With election season fast approaching, there’s no more crucial a time as to highlight the potential dangers in terms of hacking. Gov. Bruce Rauner recently proclaimed October as Cyber Security Awareness Month in Illinois in order to highlight the “vital role that cyber security plays in identifying, protecting its citizens from and responding to cyber threats.”
    Cyber security is a concern even on the local level, as Livingston County departments have discussed, prepared and even experienced incidents of infiltration into its security.
    “Our reliance on information systems continues to grow,” Rauner said. “Technology makes our world increasingly open with easy access to information, so it is more important than ever to prioritize cyber security. Protecting critical systems and the privacy of our citizens’ data is a top priority and this month recognizes the criticality of that effort and the progress we’re making in Illinois.”
    In order to better facilitate that need for cyber protection, the state recently created the office of Chief Information Security Officer, with the aim of “enhancing protection of nearly 6 billion records to avoid over $11 billion in risk due to potential data breaches and launching a cyber awareness program for nearly 46,000 state employees to build a stronger cyber protection program at the State of Illinois.”
    “This last year, we implemented Illinois’ first Cybersecurity Operations Center (SOC) to strengthen our security monitoring capabilities cementing a proactive approach to cyber threats,” new Illinois CISO Chris Hill said. “We have continued to increase the capabilities of the SOC including 24/7 cyber monitoring. We now have the ability to rapidly identify cyber-attacks and provide immediate response and remediation.”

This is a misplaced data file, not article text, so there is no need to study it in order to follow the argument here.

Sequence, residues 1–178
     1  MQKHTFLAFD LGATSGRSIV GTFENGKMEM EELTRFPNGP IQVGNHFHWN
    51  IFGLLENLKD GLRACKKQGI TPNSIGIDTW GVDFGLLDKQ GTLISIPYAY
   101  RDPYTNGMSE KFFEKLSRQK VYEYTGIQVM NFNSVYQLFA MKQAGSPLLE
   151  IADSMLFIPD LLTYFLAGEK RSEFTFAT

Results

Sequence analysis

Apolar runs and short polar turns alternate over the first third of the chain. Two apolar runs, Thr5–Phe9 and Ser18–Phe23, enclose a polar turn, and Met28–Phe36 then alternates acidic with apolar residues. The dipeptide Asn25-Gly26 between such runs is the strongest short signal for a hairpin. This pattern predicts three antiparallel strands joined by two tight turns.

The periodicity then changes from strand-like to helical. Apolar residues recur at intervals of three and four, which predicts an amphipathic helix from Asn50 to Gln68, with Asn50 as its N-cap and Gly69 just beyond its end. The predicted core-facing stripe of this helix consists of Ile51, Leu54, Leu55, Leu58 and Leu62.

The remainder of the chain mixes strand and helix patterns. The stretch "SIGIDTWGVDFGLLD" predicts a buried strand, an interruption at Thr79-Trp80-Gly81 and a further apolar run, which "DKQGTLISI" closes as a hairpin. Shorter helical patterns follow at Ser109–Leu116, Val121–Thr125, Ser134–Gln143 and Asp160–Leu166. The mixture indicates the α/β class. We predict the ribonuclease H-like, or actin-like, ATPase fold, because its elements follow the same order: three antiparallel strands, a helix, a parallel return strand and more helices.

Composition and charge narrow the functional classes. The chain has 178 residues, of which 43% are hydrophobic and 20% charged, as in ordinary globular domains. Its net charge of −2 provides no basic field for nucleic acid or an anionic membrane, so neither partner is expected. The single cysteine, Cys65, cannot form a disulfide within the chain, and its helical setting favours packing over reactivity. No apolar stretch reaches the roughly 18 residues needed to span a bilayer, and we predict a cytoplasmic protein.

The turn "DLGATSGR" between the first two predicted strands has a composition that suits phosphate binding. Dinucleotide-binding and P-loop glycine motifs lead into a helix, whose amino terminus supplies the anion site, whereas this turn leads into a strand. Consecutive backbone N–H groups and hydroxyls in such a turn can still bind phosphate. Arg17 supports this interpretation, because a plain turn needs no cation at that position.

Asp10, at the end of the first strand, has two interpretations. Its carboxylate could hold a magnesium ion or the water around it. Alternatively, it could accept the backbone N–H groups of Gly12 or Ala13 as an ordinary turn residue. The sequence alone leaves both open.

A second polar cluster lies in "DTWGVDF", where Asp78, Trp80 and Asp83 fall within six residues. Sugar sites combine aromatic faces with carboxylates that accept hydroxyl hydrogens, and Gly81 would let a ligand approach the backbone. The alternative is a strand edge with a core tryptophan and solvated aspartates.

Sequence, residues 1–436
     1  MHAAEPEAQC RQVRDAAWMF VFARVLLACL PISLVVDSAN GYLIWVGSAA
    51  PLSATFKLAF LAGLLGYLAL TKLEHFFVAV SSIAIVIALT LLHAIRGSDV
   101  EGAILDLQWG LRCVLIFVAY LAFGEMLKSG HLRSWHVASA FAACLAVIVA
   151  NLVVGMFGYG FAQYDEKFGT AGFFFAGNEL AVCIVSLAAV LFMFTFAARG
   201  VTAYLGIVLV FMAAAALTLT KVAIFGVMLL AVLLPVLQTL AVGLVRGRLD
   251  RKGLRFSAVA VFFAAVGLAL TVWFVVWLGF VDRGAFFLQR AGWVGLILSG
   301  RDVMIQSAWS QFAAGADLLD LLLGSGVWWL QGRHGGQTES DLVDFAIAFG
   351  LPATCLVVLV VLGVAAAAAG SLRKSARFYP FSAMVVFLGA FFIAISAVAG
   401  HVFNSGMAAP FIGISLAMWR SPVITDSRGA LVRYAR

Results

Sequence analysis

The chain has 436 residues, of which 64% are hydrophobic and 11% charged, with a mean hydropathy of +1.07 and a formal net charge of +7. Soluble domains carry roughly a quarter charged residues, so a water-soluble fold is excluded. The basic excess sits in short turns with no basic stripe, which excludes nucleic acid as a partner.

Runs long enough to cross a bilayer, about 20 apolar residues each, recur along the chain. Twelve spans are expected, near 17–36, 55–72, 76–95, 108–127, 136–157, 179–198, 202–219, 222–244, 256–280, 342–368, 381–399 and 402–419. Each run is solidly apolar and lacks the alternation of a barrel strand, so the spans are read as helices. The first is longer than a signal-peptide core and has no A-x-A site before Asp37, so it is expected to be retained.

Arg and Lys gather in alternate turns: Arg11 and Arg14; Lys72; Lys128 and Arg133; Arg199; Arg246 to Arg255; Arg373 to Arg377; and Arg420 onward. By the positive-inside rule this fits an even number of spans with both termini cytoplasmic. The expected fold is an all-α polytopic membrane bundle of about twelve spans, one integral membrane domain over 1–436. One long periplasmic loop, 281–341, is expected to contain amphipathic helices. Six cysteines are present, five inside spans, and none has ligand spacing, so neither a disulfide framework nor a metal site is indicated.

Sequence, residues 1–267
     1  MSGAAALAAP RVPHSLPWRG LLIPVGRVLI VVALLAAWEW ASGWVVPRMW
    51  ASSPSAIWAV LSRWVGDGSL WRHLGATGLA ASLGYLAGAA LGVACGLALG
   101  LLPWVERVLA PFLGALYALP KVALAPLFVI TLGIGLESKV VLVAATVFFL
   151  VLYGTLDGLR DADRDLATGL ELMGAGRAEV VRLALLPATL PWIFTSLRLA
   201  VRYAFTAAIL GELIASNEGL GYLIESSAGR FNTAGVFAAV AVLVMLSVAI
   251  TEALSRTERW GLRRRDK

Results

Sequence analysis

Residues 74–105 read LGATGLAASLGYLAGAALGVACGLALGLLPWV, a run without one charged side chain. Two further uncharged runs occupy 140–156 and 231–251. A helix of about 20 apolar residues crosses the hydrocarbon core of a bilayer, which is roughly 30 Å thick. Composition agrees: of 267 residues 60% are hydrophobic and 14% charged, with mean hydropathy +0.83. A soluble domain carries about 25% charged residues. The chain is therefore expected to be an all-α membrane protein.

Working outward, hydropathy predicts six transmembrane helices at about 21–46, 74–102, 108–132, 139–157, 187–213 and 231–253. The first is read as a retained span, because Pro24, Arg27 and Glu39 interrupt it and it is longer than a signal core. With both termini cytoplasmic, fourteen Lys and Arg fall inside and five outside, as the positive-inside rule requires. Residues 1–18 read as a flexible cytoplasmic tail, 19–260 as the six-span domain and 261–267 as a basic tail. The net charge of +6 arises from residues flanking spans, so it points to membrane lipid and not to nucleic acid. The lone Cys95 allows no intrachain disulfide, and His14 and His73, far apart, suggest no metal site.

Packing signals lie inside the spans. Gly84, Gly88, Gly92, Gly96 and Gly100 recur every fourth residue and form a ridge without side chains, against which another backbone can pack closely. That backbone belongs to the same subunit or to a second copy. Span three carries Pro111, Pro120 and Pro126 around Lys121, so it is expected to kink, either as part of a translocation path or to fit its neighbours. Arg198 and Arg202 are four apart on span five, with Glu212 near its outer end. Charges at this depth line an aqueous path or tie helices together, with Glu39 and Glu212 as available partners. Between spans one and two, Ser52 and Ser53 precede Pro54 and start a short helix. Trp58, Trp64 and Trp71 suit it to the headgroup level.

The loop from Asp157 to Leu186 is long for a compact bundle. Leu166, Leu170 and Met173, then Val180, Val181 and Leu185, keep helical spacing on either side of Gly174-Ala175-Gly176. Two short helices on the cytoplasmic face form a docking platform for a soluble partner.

In Livingston County, recent months have highlighted the need for a greater emphasis on cyber security. Earlier this week at the Livingston County Board’s IT Committee meeting, Jon Sear, the county’s network and computer systems administrator, reported that just last month, an inmate at the Livingston County Jail had managed to undermine the lockup’s phone system and make thousands of dollars-worth of free calls. Sear said the inmate was caught, however.
    But other concerns have been raised as well, particularly as it concerns elections. As far back as August 2016, County Clerk Kristy Masching told the county it was in its best interest to secure newer electronic voting machines; however, with an estimated price tag of $461,500, there was a bit of sticker shock, and the most recent update on the county pursuing new voting machines suggested 2019 as the year of purchase.
    In June, Sear and Masching attended a cybersecurity conference hosted by the Illinois Association of County Clerks and Recorders, the emphasis being the security of electronic voting. In a report to the IT Committee the next month, Sear said the conference was eye-opening, and told committee members that the current electronic voting machines in use by the county were “pretty much obsolete.”
    At the time, however, Sear indicated that Masching’s capital request was in for next year in order to get the obsolete voting machines replaced.